Media Advisory: ICAN to collect Nobel Peace Prize on Sunday for treaty banning nuclear weapons
- ICAN awarded Nobel Peace Prize for work to bring about the Treaty on the Prohibition of Nuclear Weapons – which bans nuclear weapons because of their horrific effects
- Award highlights the positive change campaigners and committed States can bring about together
- Nuclear-armed Britain, US and France will snub Nobel ceremony by refusing to send their ambassadors – but British Shadow Minister will attend
London, 8 December: On Sunday 10 December 2017, in Oslo, the International Campaign to Abolish Nuclear Weapons (ICAN) will collect the Nobel Peace Prize for our work to “draw attention to the catastrophic humanitarian consequences of any use of nuclear weapons” and our “ground-breaking efforts to achieve a treaty-based prohibition on such weapons.”
The Treaty on the Prohibition of Nuclear Weapons, adopted by the majority of the world’s countries at the UN in July 2017, places nuclear weapons firmly outside of the law – alongside the other weapons of mass destruction, which are banned under other conventions.
“Any use of nuclear weapons would be a humanitarian catastrophe,” said Richard Moyes, Managing Director of Article 36. “Nuclear disarmament is critical and possible. The Treaty on the Prohibition of Nuclear Weapons is the way forward to reach the end of nuclear weapons.”
“This treaty builds on previous humanitarian disarmament treaties, and shows what can be achieved by a committed group of civil society organisations and states working together,” said Laura Boillot, Programme Manager at Article 36. “The nuclear weapons ban treaty stigmatises nuclear weapons and will impact even those states like the UK, that are currently refusing to join, by eroding the legitimacy of these weapons.”
Britain, alongside the United States and France, confirmed last week that they would not send their ambassadors to the Nobel Peace Prize Ceremony – because they do not want to join an international treaty for the prohibition and elimination of nuclear weapons.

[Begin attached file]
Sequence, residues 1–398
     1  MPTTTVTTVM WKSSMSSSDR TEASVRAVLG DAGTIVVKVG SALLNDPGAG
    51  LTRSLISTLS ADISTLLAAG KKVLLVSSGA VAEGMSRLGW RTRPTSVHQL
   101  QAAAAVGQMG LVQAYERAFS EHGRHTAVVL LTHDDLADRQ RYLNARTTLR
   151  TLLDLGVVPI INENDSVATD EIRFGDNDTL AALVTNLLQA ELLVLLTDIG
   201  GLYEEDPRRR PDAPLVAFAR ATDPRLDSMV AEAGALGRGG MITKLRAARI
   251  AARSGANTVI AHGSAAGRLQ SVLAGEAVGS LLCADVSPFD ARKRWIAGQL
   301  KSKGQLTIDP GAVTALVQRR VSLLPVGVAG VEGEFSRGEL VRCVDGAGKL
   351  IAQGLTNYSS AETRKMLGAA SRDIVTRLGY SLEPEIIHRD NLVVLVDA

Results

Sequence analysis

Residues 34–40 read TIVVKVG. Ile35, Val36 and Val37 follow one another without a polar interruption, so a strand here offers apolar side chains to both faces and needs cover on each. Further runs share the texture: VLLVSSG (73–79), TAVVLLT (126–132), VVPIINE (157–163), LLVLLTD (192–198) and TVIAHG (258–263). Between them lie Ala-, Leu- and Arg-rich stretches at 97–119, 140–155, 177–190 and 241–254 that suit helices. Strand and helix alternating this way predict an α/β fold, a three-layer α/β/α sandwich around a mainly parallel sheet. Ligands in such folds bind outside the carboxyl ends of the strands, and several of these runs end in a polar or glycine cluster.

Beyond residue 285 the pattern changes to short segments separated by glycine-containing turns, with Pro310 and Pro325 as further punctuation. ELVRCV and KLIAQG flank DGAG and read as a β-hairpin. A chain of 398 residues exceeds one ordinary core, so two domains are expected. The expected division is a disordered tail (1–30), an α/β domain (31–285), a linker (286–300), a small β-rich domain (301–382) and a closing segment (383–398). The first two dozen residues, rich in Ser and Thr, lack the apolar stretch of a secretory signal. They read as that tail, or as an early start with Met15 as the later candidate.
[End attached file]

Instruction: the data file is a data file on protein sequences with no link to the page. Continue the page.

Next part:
“Is the government intimidated by the efforts of a civil society coalition to improve global security?” asked Elizabeth Minor, Advisor at Article 36. “ICAN is seeking to marginalise the role of weapons of mass destruction in international relations. This boycott is a petty gesture when Britain and others should be getting serious about removing the threat of nuclear weapons to our world.”
Global tensions are currently heightened over nuclear weapons, with an ongoing cycle of escalation and sanction between the Trump administration and North Korea. Though the nuclear prohibition treaty does not provide a quick resolution to this current crisis, it provides a pathway to nuclear disarmament – which is the only long-term solution to the dangers posed by nuclear weapons.
The Shadow Minister for Peace and Disarmament, Fabian Hamilton, will be attending, having been invited by the Nobel Committee to the ceremony alongside other dignitaries and parliamentarians. Article 36 encourages all across the political spectrum to take similar steps to learn more about the opportunity the treaty provides for the security of Britain as well as for people across the world.
Notes to editors
Article 36 is International Steering Group member of the International Campaign to Abolish Nuclear Weapons, a global coalition of 468 organisations in 101 countries
An embargoed copy of ICAN’s Nobel Peace Prize acceptance speech is available on request.
ICAN partners in the UK will be holding a demonstration outside the Ministry of Defence on Saturday 9th December, at 11am. For more information contact firstname.lastname@example.org
The Nobel Peace Prize ceremony will be streamed at: https://www.youtube.com/watch?v=P1daV8n6fTY
Contacts in Oslo:
Elizabeth Minor +44 7790 418 821 email@example.com
Laura Boillot +44 7515 575 175 firstname.lastname@example.org
Richard Moyes +44 7875 509 120 email@example.com